Business News for the Mississippi Delta

Educational Options

By Mike Barkett

Graduation season is a time to celebrate one of life’s most important milestones. The choices that students are making now will determine the course of their future lives and livelihoods. Naturally, we want them to pursue rewarding careers that provide long-term financial stability along with opportunities for advancement.

Many of Mississippi’s best and brightest students are choosing career and technical education programs as their preferred paths to success. Even though these programs are attracting many of our top-performing students, the belief still persists that career and technical education is a last resort for students who can’t excel in traditional, four-year degree programs.

The Mississippi Construction Education Foundation is doing its part to remove this stigma by educating the public about the tremendous potential of these career tracks and the success stories they’re producing for students who choose them. There’s an ever-expanding body of research proving that career and technical education is making a dramatically positive impact on student outcomes, and that the earnings potential for these graduates is on par with many four-year degree programs.

A recent study by Mississippi State University’s Research and Curriculum Unit confirms that career and technical education students have higher graduation rates and are more likely to be involved and stay engaged in their coursework. These students had a four-year graduation rate of 83.9 percent, compared to 75.5 percent for Mississippi high-schoolers overall.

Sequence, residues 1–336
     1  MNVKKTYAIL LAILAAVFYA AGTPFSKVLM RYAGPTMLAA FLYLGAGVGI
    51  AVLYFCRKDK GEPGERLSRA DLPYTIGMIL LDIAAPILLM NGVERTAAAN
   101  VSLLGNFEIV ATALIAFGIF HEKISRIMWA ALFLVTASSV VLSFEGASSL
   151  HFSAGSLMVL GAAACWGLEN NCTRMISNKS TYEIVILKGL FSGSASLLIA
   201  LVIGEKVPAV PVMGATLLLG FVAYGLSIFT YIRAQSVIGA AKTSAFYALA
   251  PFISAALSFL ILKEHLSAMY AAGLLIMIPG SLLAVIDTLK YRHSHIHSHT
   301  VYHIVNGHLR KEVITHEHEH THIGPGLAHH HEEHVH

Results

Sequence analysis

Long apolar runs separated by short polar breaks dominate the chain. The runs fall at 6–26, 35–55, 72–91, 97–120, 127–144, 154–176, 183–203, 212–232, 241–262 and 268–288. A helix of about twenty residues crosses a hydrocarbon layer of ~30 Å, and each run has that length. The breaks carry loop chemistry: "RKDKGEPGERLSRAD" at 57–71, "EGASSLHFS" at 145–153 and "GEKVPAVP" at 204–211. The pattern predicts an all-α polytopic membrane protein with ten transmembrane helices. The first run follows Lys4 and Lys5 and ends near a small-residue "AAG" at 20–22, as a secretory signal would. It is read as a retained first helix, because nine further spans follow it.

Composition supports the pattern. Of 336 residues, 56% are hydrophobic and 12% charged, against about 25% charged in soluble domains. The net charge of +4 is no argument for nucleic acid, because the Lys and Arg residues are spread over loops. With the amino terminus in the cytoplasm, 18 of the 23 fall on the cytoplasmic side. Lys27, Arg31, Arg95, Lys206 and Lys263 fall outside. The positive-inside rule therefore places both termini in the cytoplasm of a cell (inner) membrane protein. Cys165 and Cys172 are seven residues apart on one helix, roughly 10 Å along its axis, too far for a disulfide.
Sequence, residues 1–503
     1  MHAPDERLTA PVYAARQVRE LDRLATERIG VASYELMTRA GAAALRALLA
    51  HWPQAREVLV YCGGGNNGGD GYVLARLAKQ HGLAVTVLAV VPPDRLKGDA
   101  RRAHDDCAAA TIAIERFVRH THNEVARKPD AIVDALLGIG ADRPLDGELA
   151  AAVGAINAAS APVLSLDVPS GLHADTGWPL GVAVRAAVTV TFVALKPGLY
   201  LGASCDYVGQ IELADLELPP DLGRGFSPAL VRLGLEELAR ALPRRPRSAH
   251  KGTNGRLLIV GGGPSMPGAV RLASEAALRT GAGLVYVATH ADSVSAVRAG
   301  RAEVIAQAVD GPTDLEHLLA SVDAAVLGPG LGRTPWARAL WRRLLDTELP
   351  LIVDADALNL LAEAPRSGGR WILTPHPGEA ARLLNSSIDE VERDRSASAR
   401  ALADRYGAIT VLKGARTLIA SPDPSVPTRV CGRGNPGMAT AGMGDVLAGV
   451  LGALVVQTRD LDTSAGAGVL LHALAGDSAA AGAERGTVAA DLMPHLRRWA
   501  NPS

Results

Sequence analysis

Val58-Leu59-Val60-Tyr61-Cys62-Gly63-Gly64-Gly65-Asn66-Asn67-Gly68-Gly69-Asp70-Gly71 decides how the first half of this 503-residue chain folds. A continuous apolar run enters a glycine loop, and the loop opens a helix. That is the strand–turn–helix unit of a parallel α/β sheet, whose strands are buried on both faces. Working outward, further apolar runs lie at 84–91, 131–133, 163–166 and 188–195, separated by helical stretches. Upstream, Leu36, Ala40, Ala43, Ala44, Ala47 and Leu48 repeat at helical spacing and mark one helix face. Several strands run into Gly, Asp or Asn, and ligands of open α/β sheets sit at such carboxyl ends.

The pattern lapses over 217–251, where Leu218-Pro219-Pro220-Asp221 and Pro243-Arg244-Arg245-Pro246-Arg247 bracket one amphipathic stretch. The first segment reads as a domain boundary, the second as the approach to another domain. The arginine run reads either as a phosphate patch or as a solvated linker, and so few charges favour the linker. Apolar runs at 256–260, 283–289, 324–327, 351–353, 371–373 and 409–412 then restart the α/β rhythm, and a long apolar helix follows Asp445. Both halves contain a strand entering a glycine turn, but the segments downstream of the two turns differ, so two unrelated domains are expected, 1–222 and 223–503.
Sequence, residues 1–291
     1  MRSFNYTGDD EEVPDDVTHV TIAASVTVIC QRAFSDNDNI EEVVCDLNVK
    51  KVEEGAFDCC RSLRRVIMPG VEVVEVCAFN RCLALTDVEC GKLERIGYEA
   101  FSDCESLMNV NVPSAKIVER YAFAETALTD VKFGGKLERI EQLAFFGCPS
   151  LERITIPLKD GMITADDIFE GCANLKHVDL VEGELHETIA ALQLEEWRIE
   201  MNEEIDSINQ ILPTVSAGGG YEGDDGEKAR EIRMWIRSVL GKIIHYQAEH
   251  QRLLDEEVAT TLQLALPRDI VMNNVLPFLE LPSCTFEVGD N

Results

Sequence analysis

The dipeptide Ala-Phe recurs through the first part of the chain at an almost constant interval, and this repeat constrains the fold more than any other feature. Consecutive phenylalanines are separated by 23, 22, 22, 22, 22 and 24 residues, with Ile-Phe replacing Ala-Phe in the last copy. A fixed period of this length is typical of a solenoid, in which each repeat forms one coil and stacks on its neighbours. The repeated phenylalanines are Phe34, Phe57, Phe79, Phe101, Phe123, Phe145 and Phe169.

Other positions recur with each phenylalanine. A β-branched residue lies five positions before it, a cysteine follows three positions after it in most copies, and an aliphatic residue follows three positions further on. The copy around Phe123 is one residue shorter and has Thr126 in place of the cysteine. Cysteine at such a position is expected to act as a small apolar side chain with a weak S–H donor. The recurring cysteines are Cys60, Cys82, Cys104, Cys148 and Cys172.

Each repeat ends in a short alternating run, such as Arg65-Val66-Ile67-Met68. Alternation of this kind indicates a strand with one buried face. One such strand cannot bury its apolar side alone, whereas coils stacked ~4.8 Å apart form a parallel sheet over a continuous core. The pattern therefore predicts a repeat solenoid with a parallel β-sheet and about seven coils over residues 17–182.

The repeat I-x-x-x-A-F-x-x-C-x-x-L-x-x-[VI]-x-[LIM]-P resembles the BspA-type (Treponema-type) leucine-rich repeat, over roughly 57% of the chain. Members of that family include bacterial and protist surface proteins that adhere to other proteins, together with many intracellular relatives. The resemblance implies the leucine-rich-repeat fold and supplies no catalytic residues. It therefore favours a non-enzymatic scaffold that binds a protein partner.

MCEF is the leading provider of craft training in high schools, community colleges and apprenticeship programs across Mississippi. We partner with the Mississippi Department of Education to deliver craft training programs to 5,000 high school students enrolled in more than 100 career and technical education centers across Mississippi. Programs include carpentry, electrical, HVAC, masonry, sheet metal, industrial maintenance, construction trades and welding.

MCEF also has articulation agreements with 15 community colleges that enable graduates of our four-year apprentice program to receive up to 32 academic hours. Our craft-training programs have an 80 percent graduation rate, while apprenticeship programs have a graduation rate of 100 percent.

Today’s career and technical education programs are light years beyond what you may remember as “shop” class back in the day.  These professions have been profoundly transformed by the computer age. Students must be able to quickly grasp new technologies and master multiple and complex skill sets. The coursework is challenging and requires academic rigor as well as critical-thinking skills. To be successful in these programs, students must be disciplined in their work ethic and knowledgeable of safe work practices and behaviors.

Students enrolled in MCEF programs are some of the most intelligent, talented and motivated people you’ll ever meet. They could excel at just about any degree program they set their sights on, and many of them go on to complete four-year degrees in fields such as engineering and architecture. Others are interested in starting careers directly after high school, and thanks to the variety of training programs now offered in Mississippi, 21 percent of high school graduates successfully transitioned to careers last year.

I’m proud of the role that MCEF continues to play in making sure these aspiring professionals have the training and resources required to achieve their dreams. Considering the reach of these programs across Mississippi, you may have a son or daughter, brother or sister, spouse, relative, friend or neighbor enrolled in one of our career and technical education programs. When you get a chance, let them know how impressed you are by their focus and dedication―and how proud you are of the investment they’re making in their futures.    

As a former educator, Mike Barkett has seen the tremendous benefits of helping young people find their place in the world. In his current role as president of the Mississippi Construction Education Foundation, he is working to introduce today’s students to opportunities that await them in career and technical positions.